The Cubs organization is handing out World Series Championship rings to players and other employees, describing the bling as a “priceless memento of the greatest championship quest in all of sports.”
In fact, each ring does have a price — $1, to be precise — even though appraisers say they could fetch anywhere from $50,000 to $250,000 on the open market.
That’s because the rings come with strings attached. The Cubs are discouraging ring recipients from selling the hardware. But if they get the urge, the Cubs reserve the right to buy the overwhelming majority of the rings back for $1, according to a memo the organization is asking ring recipients to sign. A copy of the memo was obtained by the Chicago Sun-Times.
“We regret the formal nature of this memo, and we do not intend for this information to overshadow our joy in being able to provide this ring to you,” the memo states. “However, we think it is important to communicate this information to you.”
Those planning to sell “or otherwise transfer your ring,” must give the Cubs written notice of “the proposed transaction and a complete accounting of the terms.”
There’s more: “If the Cubs elect not to purchase the ring, then you may transfer it according to the terms you provided to the Cubs; however, each subsequent owner shall also be bound by these terms in the event of a subsequent proposed sale or other transfer.”
The memo makes an exception for rings that are given as gifts — say to a child, spouse or grandchild.
Julian Green, a Cubs spokesman, said the organization isn’t doing anything unusual.
“We did do research of other teams and this is not an uncommon practice,” Green said, adding, “This was a very generous offering by the Ricketts family, and we want it to be cherished. We hope people would want to keep and cherish this ring, versus using it as a saleable asset.”
On Tuesday, after this story was published, Green also said that “uniformed players and coaches were never asked to sign the form and were not even aware a form existed until yesterday.” Cubs General Manager Jed Hoyer addressed the matter with reporters later in the day as he also explained the team’s delay in providing player artifacts from the 2016 World Series to the Baseball Hall of Fame.
Green said the Cubs are in the process of distributing some 2,000 rings to full-time, part-time and seasonal staff. He would not discuss the value of the rings, adding, there are “different tiers” of rings.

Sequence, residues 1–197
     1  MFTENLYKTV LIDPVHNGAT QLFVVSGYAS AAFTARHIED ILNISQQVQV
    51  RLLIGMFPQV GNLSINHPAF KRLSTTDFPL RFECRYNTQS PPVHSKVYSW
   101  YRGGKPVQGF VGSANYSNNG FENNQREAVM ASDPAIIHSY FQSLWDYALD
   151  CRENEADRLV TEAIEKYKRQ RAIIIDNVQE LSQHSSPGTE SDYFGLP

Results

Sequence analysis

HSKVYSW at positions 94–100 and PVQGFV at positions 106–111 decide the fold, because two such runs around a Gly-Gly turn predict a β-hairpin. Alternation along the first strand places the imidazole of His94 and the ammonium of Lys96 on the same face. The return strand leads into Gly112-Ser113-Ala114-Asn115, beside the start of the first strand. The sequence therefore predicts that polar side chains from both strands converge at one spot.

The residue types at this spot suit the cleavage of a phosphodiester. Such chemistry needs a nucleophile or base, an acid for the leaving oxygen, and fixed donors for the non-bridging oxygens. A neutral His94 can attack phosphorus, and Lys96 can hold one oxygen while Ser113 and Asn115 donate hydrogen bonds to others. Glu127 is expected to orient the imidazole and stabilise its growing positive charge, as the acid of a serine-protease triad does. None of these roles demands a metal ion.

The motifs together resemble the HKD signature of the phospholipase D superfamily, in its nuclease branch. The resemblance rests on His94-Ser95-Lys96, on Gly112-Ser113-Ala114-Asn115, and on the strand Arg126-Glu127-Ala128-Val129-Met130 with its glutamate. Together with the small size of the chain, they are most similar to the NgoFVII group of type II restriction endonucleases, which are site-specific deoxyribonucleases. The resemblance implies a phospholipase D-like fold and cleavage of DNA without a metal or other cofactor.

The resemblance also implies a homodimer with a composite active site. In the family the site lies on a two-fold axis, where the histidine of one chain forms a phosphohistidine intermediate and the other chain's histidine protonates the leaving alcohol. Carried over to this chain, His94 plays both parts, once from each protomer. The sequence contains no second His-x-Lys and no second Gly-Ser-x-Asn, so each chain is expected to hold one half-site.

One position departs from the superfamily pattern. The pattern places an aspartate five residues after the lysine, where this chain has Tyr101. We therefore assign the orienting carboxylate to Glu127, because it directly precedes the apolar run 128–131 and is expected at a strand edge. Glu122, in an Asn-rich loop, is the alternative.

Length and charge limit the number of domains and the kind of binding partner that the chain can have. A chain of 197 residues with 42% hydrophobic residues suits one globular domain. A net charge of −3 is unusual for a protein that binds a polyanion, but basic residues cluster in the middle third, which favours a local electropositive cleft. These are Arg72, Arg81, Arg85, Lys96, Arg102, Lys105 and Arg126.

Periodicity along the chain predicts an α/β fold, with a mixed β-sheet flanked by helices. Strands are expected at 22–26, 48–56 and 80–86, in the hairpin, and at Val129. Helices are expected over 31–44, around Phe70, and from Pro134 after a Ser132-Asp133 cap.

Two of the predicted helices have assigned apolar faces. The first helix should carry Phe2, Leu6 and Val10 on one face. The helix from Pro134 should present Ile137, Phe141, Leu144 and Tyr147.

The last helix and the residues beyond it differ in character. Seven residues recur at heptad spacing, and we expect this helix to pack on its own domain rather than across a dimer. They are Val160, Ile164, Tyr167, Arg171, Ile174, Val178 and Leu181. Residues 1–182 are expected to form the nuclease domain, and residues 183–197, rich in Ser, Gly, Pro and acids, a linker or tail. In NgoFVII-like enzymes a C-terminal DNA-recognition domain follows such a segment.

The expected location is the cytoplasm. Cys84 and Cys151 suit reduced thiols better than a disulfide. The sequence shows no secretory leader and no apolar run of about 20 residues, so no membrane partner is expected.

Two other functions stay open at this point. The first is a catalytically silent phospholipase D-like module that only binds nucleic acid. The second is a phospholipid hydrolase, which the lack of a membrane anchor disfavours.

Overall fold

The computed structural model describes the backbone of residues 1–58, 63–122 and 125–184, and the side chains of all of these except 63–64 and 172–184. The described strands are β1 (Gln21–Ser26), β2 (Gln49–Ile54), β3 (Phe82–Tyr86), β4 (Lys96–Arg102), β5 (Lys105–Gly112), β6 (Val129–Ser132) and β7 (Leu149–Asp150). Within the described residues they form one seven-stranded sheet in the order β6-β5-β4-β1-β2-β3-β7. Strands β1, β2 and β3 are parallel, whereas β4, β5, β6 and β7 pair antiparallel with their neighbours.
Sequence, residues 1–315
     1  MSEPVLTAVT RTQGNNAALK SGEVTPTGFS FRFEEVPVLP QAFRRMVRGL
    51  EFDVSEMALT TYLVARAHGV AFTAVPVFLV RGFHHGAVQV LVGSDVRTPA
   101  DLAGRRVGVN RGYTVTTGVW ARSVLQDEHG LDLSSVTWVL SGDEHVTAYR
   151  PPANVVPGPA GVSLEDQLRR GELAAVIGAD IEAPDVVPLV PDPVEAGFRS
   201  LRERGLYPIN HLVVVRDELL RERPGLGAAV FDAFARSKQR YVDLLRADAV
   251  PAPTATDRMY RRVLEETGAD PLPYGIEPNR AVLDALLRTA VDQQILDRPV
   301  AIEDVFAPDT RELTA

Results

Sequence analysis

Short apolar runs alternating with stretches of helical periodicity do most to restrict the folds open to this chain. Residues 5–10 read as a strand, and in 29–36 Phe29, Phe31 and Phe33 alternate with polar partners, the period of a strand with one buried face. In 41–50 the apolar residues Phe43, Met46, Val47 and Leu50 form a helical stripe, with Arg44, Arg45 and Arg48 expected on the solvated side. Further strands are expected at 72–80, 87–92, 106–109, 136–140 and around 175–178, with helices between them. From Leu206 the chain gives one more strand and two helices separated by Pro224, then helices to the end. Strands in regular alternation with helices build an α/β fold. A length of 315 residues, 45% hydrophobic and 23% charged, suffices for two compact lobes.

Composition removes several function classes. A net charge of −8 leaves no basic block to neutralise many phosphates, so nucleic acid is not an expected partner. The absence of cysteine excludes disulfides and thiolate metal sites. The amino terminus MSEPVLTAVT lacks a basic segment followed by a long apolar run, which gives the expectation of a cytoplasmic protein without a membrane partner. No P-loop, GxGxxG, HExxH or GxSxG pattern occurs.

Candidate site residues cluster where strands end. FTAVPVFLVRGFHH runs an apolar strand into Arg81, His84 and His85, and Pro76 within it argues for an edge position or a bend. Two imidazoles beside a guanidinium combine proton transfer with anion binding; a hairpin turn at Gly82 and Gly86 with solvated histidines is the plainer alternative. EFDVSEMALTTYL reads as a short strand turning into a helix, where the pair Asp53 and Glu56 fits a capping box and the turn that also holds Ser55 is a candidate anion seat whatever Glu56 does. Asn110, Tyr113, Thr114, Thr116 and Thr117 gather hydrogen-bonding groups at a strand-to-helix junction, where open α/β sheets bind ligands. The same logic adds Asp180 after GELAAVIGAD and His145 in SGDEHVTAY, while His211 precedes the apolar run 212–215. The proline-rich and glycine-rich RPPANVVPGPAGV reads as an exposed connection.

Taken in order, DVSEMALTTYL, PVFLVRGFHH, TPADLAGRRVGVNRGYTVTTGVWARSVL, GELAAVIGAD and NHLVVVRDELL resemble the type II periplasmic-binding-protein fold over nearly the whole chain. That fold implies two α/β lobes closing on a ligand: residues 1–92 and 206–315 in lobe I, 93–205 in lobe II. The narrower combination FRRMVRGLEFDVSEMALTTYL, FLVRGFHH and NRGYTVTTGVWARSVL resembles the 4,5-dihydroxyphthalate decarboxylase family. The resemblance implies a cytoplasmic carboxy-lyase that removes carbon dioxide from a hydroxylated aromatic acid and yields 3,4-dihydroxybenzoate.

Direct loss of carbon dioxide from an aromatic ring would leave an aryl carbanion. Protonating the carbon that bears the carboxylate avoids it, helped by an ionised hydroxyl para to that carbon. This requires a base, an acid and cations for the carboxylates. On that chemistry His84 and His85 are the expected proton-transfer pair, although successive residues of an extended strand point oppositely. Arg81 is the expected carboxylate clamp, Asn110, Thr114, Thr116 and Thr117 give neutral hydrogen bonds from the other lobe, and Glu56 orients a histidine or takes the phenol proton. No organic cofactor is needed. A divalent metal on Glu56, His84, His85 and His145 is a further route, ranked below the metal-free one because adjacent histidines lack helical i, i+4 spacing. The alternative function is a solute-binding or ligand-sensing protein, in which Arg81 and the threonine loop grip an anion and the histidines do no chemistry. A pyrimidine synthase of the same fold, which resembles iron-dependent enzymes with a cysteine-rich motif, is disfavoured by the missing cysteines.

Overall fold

The rings handed out to players last week — and designed with their input — feature 108 diamonds — marking the 108 years between World Series titles for the Cubs. The manufacturer, Jostens, is selling a version to fans online — for $10,800.
A star player like Kris Bryant or Anthony Rizzo could sell his ring for upward of $250,000, said Ken Goldin, an expert sports memorabilia auctioneer. Less prominent players could still rack up more than $100,000, though prices tend to decline after the first ring hits the market, Goldin said.
Rings given to team employees would be worth about $50,000 in a Cub-crazed town, according to Goldin, who said he had never heard of a championship team trying to control what recipients did with their rings.
“It’s a horrible policy,” Goldin said. “What about the 55-year-old staffer who needs to pad their retirement money down the road?”
If an employee is in a financial bind, Green said, “there may be some assistance the organization can provide before it came to selling the ring.”
Back in 2005, when the White Sox won it all, the organization also handed out diamond-studded rings — 432 of them, said White Sox spokesman Scott Reifert.
But the rings didn’t come with strings attached.
“It was viewed as a gift to the employees,” Reifert said.
And the rings — whether for players or staff — were of equal value, Reifert said.
Reifert said he’s heard of a couple of instances of people selling their rings online — including one in 2013, with an asking price of about $25,000.
Contributing: Gordon Wittenmyer